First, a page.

Adviser sues school for ending contract

Lawsuit says firing is attempt to censor newspaper's content

MISSOURI -- A former college newspaper adviser filed a lawsuit in June against Central Missouri State University, alleging her termination was in response to stories covered in the school's newspaper.

Barbara Lach-Smith, who advised the Muleskinner staff for six years, said her contract was not renewed because of stories uncovering unusual stipulations in outgoing university President Ed Elliott's contract, including $620,000 in severance pay, special benefits for Elliott's wife and personal computer services.

James Rynard, Lach-Smith's attorney, said he can prove that the school violated Lach-Smith's civil rights and infringed on students' First Amendment rights.

"We're very confident in our claims," Rynard said. "I think that we're going to see a big fight by the university; they are probably going to claim they followed all the proper procedures and there was no retaliation, but I think we have a strong case to show that that was indeed the case. I think we can show their alleged following of procedures was just pretext, that they had every intent to not allow her to continue in the job."

Muleskinner staff members started to look into administrators' contracts after the school's board of governors violated the state's sunshine law by holding a closed meeting to discuss hiring a new president.

The contract information uncovered by the Muleskinner prompted state auditor Claire McCaskill to investigate the school. McCaskill's report found "improper compensation and perquisites" in Elliott's contract.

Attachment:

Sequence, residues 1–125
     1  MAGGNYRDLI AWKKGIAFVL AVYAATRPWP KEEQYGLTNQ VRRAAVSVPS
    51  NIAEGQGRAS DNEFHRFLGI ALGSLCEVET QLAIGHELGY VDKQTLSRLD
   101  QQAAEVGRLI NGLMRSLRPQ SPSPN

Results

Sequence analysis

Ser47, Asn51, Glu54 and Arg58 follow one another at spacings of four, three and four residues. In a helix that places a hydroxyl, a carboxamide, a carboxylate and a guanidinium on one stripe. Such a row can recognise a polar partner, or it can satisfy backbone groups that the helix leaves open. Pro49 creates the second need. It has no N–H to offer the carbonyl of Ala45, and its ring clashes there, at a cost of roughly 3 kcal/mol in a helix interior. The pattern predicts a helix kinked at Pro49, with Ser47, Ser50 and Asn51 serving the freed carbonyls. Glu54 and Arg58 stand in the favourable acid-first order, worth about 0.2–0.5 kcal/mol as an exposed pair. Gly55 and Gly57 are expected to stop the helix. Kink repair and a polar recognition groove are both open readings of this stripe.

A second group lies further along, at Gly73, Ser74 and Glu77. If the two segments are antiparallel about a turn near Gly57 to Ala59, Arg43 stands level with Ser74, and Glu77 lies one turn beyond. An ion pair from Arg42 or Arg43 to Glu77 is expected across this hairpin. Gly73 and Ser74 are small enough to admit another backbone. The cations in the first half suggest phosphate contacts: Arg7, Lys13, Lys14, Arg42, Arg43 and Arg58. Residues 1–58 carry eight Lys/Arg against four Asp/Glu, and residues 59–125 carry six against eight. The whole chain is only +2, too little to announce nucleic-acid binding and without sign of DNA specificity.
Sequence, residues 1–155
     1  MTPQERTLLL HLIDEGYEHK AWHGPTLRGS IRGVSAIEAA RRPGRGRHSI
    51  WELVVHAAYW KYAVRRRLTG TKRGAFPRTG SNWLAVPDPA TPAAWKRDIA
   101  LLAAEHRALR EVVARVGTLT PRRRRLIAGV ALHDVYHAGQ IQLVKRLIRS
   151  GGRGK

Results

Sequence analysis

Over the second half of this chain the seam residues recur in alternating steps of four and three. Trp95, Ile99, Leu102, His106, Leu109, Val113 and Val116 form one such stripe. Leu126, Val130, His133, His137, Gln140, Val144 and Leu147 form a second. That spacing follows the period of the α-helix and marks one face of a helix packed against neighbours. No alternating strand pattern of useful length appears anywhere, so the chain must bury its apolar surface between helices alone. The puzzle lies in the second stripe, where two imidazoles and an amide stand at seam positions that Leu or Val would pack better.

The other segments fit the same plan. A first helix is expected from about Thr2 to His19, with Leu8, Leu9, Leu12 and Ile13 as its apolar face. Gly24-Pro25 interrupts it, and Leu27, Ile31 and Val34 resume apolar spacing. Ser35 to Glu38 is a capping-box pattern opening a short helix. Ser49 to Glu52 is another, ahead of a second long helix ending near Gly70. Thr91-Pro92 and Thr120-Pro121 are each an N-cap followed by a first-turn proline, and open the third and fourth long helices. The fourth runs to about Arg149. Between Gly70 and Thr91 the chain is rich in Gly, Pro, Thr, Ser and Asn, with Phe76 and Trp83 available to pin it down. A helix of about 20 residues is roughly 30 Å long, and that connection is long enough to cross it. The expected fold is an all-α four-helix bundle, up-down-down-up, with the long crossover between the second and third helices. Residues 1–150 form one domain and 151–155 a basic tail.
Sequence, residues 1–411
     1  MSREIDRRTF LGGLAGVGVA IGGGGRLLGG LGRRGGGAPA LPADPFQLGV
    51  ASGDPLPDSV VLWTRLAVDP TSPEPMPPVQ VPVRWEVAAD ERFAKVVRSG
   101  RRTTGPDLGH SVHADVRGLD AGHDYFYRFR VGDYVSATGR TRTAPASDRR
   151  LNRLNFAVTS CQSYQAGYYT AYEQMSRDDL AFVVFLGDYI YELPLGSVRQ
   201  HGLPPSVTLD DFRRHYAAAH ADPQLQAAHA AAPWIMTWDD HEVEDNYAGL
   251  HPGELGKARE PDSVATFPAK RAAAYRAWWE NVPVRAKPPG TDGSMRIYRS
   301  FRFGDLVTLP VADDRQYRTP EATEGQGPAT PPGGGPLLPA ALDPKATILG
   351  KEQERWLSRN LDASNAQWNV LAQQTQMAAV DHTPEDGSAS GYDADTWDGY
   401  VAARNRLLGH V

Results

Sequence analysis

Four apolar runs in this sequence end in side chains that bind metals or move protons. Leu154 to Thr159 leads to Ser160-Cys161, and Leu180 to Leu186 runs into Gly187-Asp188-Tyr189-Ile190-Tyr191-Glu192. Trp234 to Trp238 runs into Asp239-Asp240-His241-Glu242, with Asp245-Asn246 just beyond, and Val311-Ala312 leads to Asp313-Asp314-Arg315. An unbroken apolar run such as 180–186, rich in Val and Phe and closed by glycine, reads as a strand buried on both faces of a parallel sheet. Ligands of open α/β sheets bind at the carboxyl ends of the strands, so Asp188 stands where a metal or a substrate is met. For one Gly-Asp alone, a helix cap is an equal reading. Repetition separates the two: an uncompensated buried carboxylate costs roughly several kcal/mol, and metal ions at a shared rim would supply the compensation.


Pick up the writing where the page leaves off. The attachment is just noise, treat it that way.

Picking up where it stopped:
Ann Pearce, a university spokeswoman, said the school cannot comment on personnel matters.

According to Rynard, Central Missouri State officials contended that Lach-Smith's contract was not renewed because school administrators decided to make the newspaper adviser a tenure-track position. Officials did say Lach-Smith was considered for the new tenure-track position but was not one of the four finalists selected.

Rynard said Lach-Smith is suing to get her job back.

"[She wants] reinstatement to her position," Rynard said. "She likes the newspaper and likes the students she works with."

Her students want her back, too. Darrin Sparks, a former reporter for the Muleskinner who helped to uncover Elliott's contract, said Lach-Smith was more than just a journalism teacher to many students at the school.

"She was an adviser, but she was one of those that you don't only talk about newspaper business with," Sparks said. "If something happens at home you would talk to her about that too, so she was a friend, she was more than just an adviser."

Fall 2000, reports